The legalization of cannabis for medical use in Colombia and its licensing for cultivation was heralded as a monumental breakthrough that along with the world’s legal marijuana boom would see the equatorial nation become a leading global cultivator.
Colombia undeniably possesses a competitive advantage over many countries for cannabis cultivation. A unique combination of a favourable climate, rich soils, an established agricultural industry and low costs endow it with considerable advantages over many other jurisdictions.
While there has been considerable hype over the emergence of a legal cannabis industry in Colombia, it has thus far failed to live up to its potential.
Very few companies have been able to successfully navigate the maze of regulations and licensing requirements that govern the industry, with a mere handful being fully registered cultivars.
There are no companies operating in Colombia that are engaged in fully-fledged commercial sales or exportation of legally cultivated marijuana.
Industry heavyweight Canopy, which has come under considerable pressure from investors after reporting a slew of massive losses, is even winding down its exposure to Latin America.
For its fiscal second quarter 2020, Canopy reported a massive net loss of almost $375 million and an even bigger loss of $1.3 billion for the previous quarter.
In an environment where the cultivator is bleeding cash and facing significant pressure to become profitable, it makes sense to wind back non-core operations.
That pressure is being magnified by growing doubts over the true size of the legal global marijuana market. For this reason, Canopy has yet to make any significant investment to develop its 126-hectare property in the Colombian department of Huila, despite investing in expanding its Canadian operations.
Accessing capital is also a significant problem for many cannabis cultivators in a nation still bearing the scars of the U.S. sponsored war on drugs, which some sources estimate led to the deaths of over 200,000 people.
Cocaine production and illicit marijuana cultivation have been responsible for fueling Colombia’s decades long low level asymmetric conflict which shows no signs of ending.
The stigma this has created combined with the potential for U.S. civil and criminal sanctions makes financial institutions extremely reticent to provide funding to Colombian cannabis growers.
Civil unrest and growing insecurity in Colombia coupled with Bogota’s moves to modify key aspects of the regulatory framework have ratcheted up the degree of uncertainty for foreign investors, further reducing the nation’s attractiveness for cannabis cultivation.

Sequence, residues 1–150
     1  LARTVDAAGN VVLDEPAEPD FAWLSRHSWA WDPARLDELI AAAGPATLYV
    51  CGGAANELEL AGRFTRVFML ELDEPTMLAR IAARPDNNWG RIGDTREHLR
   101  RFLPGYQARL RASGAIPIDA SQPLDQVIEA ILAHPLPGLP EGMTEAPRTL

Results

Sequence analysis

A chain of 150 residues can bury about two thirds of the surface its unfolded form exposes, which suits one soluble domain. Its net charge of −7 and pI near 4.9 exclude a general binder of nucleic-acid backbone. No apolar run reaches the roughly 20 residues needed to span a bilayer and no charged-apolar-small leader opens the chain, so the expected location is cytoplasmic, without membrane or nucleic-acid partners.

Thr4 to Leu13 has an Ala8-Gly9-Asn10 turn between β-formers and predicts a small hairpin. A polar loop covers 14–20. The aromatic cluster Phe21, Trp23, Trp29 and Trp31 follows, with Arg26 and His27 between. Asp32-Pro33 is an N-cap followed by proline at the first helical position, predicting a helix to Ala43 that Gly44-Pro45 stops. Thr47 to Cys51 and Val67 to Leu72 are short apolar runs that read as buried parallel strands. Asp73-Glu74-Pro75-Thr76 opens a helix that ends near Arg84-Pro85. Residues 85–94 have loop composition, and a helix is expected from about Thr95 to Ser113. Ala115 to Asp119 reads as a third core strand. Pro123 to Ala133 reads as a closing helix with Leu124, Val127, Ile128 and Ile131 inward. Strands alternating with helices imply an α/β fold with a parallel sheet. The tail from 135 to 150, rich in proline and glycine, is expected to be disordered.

First mover advantage
While there are certainly significant and emerging risks that could bring Colombia’s legal pot boom to an abrupt halt, first mover PharmaCielo continues to advance its operations.
The cultivator, the only licensed exporter of CBD isolate in Colombia, is expanding its operations and facilities after the proposed acquisition of Australian cannabis grower Creso Pharma fell through.
This includes significantly increasing its cultivating capacity and establishing a distribution agreement with Laboratorios Adler, giving PharmaCielo access to the legal cannabis markets in Uruguay, Paraguay, Bolivia and Southern Brazil.
Creso Pharma has repaid a $3.9 million loan to PharmaCielo which, when combined with almost $21 million in cash and short-term investments at the end of the third quarter, provides it with considerable financial flexibility. That will allow PharmaCielo to continue expanding its operations and achieve expected commercial production in 2020.
Colombia was expected to become a leading jurisdiction for legal cannabis cultivation, and PharmaCielo has reduced its all-in sustaining costs (AISCs) per gram of dried flower produced to as little as $0.04 per gram.
That’s well below production costs for major Canadian cultivators, including Canopy, which has been struggling to reduce expenses and reported production costs over just over $2 per gram for its second quarter 2020.
The hype surrounding Colombia’s potential as a superior location for legally growing cannabis appears overbaked. Despite climatic advantages coupled with a long generational history of illegal marijuana cultivation and agricultural production, there are a range of barriers holding back the industry’s development. This means that there is still considerable risk associated with investing in legal cannabis cultivators operating in Colombia.
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Fool contributor Matt Smith has no position in any of the stocks mentioned.